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Your Website’s Role in Business Continuity

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Retailers venturing into the world of ecommerce for the first time in 2020 may have started by selling on social media or a business aggregator’s site. It is relatively easy to set up a storefront on these platforms, and small retailers also gain the advantage of getting their brands and products in front of enormous audiences. For example, a neighborhood shop could potentially sell to Amazon’s 148+ million Prime members or Facebook’s 188 billion daily users. However, retailers shouldn’t limit their digital presence to these “walled gardens” if they want to ensure maximum growth or business continuity.

Social media platforms and business aggregator sites often limit visibility of posts and pages, making retailers nearly totally reliant on paid promotion. Also, platform use can wax and wane, and you don’t want to count on one particular site to sustain your business. You need more control to ensure your customers can continue finding you and engaging with you, even if a platform is acquired or decreases in popularity.

A better strategy is to build your digital presence through multiple channels, including registering your own domain name and partnering with walled garden sites. With a multifaceted plan, you can reach the most people in your audience, keep your brand in front of users in various places they frequent, collect customer data that you control, and always have the ability to point them back to your website if other channels change.

The Foundation of a Website Built for Business Continuity

It can be intimidating for a long-time brick-and-mortar retailer to build a digital presence, but you can translate some principles of establishing a successful business in the physical world to doing business online. For example:

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Name recognition: You need to register a domain name before you can build your website, so it’s vital to choose an easy-to-remember name that people will immediately connect with your business. A descriptive domain name foregoes .com for top-level domains such as “.toys,” “.discount,” or “.boutique.” When prospective customers see your descriptive domain in search results, it’s easy for them to know exactly who you are and what you do — making your result more “clickable.” You can also use a descriptive domain to redirect traffic directly to your YouTube channel or social media page to help your customers find the specific information they’re looking for.

Location: You aren’t constructing a store on a busy street corner or choosing a storefront at the intersection of two walkways in a mall, but you need to make sure your website is visible where your customers are. When people use a search engine to find retailers in your area or for the specific products you sell, make sure your website appears in search engine results by implementing search engine optimization (SEO) and local SEO best practices.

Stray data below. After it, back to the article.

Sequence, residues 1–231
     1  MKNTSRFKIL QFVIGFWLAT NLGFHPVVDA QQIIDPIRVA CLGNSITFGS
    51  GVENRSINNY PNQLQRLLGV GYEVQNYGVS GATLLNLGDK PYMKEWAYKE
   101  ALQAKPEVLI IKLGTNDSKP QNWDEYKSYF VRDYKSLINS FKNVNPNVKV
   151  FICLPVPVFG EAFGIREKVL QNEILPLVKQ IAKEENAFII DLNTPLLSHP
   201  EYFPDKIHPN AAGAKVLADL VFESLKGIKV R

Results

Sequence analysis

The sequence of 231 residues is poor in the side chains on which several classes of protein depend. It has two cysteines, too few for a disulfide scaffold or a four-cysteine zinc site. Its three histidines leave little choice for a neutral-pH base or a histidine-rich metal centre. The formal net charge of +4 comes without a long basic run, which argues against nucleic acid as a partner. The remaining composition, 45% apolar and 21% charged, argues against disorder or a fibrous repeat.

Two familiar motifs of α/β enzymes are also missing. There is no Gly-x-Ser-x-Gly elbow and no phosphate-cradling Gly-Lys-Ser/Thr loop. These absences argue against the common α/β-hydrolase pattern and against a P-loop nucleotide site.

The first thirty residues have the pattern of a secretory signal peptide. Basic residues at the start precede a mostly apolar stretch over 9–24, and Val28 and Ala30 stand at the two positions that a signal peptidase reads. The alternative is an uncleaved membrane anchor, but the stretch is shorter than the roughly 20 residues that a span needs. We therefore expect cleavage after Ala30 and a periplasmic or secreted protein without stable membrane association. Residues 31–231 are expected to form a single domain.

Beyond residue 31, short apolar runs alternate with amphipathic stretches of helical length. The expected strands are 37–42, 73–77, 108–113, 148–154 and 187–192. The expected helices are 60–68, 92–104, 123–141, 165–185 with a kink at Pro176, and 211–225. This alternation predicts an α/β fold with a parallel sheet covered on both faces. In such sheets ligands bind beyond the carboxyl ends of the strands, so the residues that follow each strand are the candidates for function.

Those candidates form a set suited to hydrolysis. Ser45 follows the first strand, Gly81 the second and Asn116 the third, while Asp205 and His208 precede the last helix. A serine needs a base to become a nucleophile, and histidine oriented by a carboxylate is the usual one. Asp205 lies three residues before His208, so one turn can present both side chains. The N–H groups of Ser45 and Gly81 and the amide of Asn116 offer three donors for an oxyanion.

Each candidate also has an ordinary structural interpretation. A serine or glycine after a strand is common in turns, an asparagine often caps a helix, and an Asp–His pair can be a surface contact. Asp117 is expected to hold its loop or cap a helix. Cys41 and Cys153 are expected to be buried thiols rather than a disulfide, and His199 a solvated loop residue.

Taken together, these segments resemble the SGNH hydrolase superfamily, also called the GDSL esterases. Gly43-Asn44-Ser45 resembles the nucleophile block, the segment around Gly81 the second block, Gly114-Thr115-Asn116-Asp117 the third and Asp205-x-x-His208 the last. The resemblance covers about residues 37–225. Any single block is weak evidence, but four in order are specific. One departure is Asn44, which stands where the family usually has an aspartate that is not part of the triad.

Convenience: You always want to make shopping as easy as possible for customers, no matter how they choose to shop. Bear in mind that more than half of all ecommerce is expected to occur on mobile devices, so it’s necessary to make your website mobile-responsive and easy for smartphone users to navigate. Also, don’t overlook essentials like adequate web hosting, keeping the site updated with product availability and streamlined payment processes. Your customers want shopping experiences that take as little time as possible.

Traffic: Just as increased foot traffic helps with in-store sales, increased web traffic will grow your business online. Promote your website, create urgency with online specials and try cross-promotions with other companies.

Be Ready for Anything

The pandemic is proof positive that retailers have to be ready for anything — including total disruption to in-person shopping — to ensure business continuity. In 2020, businesses did whatever they could to stay operational; however, now it’s time to refine your strategy for newly digital consumers who will expect to have the ability to engage with your business through both physical and digital channels.

Retailers serious about keeping customers engaged and revenues flowing — as well as maintaining their slice of market share — must also be serious about establishing a strong digital footprint to meet that demand, and always to let customers know you’re open for business.


Mina Neuberg is Donut’s Chief Marketing Officer. She brings expertise in consumer understanding, brand strategy and data-driven storytelling. Prior to Donuts, Neuberg was the Chief Marketing Officer at Revolution Math, a live online math enrichment program. She has also served as the VP of Marketing, Consumer Insights and Creative at BAMKO, a product development company, and VP of Strategy at Bovitz, a market research firm. Neuberg holds an MBA from the Anderson School at UCLA and also a BA from UCLA.

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